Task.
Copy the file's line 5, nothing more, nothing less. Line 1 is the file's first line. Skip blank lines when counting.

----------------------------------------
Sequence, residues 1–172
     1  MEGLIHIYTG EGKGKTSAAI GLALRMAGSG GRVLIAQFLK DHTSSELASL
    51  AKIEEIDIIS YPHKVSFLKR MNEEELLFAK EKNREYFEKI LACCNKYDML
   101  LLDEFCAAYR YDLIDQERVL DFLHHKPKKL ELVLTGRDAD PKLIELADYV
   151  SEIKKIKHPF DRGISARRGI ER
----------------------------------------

   151  SEIKKIKHPF DRGISARRGI ER